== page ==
Montreal borough votes to restrict Airbnb style rentals in downtown core

A Montreal borough is bringing in new rules aimed at limiting the number of short-term rentals in the city’s downtown core in the hopes of preventing conflicts between tourists and residents. Councillors in the Ville-Marie borough adopted a new motion Tuesday evening to restrict private tourist rentals such as those offered on Airbnb.

Ville-Marie, Montreal, Airbnb
Encompassing all of downtown Montreal, the borough of Ville-Marie has voted to restrict Airbnb and similar short-term rental accommodations. Photo by Taxiarchos228 via Wikimedia Commons.

The rules will limit new permits for “tourist residences” to a 3.3-kilometre stretch surrounding one of the city’s busiest commercial streets and will prevent new rentals from opening within 150 metres of each other.

City documents state the bylaw is designed to “substantially limit” the number of short-term rentals in order to “prevent problematic cohabitation issues between tourists and residents.”

“Elected officials want the downtown area to remain an inhabited, healthy and supportive environment for the establishment of families,” the city said in a recent statement.

The province defines a tourist residence as any unit that is rented for 31 days or less on a regular basis.

Real Carbonneau, who owns a unit in the Tour des Canadiens condo tower next to Montreal’s bustling Bell Centre, estimates that about half the units in the building are rented out on Airbnb full time and are “pretty much full-time hotel rooms.”

He says he’s grown tired of hearing noise from late-night parties and that an endless parade of strange tourists has left him feeling unsafe.

On one memorable occasion, he opened his door to see a vomit-stained hallway and renters passed out in front of an open unit door.

Carbonneau said he tried to talk to his condo board and managers but got nowhere because “there’s so much money in this that no one cares.”

While he welcomes new rules to crack down on full-time commercial operators, he’s skeptical the new rules will change much.

He said existing rules are rarely enforced, noting that many of the operators in his building are already defying a provincial requirement to register their units and pay taxes on the rentals.

“All these people were doing it illegally before, the people will continue doing it illegally after, and the people who did hold permits will continue to hold them,” he said in a phone interview.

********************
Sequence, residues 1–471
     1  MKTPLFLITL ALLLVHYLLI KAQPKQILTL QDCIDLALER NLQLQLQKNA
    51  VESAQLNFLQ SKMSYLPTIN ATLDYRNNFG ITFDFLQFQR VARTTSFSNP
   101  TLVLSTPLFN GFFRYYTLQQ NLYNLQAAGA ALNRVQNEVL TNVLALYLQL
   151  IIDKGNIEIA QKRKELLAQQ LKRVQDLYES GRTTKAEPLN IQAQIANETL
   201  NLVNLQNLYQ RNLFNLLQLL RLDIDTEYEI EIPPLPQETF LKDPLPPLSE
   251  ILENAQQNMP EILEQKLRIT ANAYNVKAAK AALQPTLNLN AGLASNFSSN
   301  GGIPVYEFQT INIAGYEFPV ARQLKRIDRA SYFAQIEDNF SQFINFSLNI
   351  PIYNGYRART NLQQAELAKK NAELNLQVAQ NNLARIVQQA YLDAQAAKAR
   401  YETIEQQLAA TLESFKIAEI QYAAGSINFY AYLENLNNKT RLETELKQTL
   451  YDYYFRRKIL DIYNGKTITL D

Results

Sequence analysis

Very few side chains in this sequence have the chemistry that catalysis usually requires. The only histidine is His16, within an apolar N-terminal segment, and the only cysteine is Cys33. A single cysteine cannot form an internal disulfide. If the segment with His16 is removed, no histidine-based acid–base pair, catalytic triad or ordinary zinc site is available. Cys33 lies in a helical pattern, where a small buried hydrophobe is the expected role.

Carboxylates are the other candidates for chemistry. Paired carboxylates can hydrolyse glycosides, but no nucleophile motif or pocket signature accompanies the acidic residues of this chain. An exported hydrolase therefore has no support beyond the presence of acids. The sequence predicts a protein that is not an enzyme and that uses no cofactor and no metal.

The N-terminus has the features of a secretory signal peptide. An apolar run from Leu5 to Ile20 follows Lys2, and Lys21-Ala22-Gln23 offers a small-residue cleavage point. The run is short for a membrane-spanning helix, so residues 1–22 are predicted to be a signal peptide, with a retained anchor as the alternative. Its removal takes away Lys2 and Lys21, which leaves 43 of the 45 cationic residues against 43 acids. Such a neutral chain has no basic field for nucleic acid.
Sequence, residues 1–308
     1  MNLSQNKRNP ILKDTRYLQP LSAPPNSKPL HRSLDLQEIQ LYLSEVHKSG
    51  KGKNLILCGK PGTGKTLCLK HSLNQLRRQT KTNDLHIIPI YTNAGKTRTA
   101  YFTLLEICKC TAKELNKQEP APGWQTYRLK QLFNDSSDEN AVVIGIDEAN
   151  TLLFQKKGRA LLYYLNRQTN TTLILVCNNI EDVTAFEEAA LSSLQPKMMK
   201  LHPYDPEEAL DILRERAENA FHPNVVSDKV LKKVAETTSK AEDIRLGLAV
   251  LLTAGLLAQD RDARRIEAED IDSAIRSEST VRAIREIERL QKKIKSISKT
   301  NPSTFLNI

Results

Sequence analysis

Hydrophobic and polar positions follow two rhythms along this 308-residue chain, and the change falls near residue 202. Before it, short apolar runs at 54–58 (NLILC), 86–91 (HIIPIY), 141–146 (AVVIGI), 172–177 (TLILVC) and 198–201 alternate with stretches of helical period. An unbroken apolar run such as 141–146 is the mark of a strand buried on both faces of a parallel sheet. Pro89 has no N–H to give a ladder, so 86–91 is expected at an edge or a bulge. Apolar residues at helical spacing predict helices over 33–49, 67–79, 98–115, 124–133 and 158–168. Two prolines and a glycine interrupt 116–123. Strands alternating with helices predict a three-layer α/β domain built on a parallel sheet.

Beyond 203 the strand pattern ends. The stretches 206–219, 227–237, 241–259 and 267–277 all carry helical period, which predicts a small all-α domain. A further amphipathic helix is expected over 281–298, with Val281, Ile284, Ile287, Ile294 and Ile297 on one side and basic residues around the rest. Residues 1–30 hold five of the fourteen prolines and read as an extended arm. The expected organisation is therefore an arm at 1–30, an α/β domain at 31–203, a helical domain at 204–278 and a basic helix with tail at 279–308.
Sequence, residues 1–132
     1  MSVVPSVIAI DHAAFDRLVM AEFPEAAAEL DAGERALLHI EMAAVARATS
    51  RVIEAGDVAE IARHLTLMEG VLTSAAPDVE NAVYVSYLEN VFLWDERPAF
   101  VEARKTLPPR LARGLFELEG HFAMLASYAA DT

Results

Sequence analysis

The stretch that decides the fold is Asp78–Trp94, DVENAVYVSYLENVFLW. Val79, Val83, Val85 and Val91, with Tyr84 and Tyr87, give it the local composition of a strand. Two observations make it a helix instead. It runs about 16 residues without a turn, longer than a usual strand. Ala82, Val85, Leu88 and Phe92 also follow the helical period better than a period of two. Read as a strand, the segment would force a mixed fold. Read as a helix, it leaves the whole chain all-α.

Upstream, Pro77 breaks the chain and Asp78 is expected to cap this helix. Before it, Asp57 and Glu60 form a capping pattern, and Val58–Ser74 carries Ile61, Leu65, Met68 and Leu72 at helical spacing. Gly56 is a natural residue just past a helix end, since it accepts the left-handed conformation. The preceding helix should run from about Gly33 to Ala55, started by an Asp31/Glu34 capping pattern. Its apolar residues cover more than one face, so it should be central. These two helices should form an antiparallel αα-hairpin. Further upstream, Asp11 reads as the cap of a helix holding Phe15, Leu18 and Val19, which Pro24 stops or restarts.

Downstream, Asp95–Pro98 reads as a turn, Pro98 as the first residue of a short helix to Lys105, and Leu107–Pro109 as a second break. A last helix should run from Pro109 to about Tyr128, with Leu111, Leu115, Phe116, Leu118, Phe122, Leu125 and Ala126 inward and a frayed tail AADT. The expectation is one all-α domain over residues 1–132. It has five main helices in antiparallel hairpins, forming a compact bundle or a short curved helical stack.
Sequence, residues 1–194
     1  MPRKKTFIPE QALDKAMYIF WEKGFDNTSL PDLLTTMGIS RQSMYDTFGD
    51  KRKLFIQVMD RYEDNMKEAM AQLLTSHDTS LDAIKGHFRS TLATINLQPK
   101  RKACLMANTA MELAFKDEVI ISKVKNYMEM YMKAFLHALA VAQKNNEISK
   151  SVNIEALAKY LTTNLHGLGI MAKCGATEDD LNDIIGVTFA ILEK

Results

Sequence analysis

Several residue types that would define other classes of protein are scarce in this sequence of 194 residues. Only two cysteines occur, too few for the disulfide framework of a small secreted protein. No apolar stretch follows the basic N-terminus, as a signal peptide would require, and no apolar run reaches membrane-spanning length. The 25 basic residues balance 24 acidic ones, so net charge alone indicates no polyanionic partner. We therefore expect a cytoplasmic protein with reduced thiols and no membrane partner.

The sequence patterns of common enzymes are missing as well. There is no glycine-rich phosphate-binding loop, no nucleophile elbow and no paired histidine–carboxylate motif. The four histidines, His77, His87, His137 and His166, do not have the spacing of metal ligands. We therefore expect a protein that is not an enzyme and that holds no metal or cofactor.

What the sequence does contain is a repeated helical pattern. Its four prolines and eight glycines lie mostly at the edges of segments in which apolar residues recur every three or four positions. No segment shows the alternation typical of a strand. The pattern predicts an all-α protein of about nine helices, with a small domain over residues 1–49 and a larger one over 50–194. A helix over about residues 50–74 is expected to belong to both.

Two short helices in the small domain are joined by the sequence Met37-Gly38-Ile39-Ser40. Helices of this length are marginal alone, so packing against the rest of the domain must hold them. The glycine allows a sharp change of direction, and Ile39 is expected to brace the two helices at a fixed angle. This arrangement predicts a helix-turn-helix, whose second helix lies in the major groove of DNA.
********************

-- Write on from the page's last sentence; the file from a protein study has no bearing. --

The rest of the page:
Cities across Canada are also grappling with how to regulate short-term rentals amid wider concerns they contribute to housing unaffordability and take long-term rentals off the market.

In the past year, the governments of Quebec and British Columbia reached agreements with Airbnb in which the platform agreed to collect tax on short-term rentals.

Cities such as Toronto and Vancouver have put their own rules in place, including a recent decision by Vancouver city council to restrict listings to an owner’s primary residence, with few exceptions.

A 2017 study by McGill University found that Airbnb has removed as many as 14,000 units of housing from rental markets in Montreal, Toronto and Vancouver.

It also found that a small number of owners of large commercial properties accounted for nearly half of the $430 million yearly revenue in the three Canadian cities.

These findings were disputed by Airbnb, which claims the vast majority of users are ordinary people who occasionally rent out part of or all of their primary residence to earn money to help pay their bills.

Of some 14,300 “entire home listings” in Montreal, more than 80 per cent were rented for fewer than 180 days between May 2017 and May 2018, the company said earlier this week.

Almost two-thirds, or 63 per cent, were listed for fewer than 90 days.

“Simply put, entire home listings on Airbnb are not a driver of housing prices in Montreal,” the company said in a statement

Airbnb added it wants to work with the city to ensure new rules balance affordability concerns with people’s rights to share their homes.

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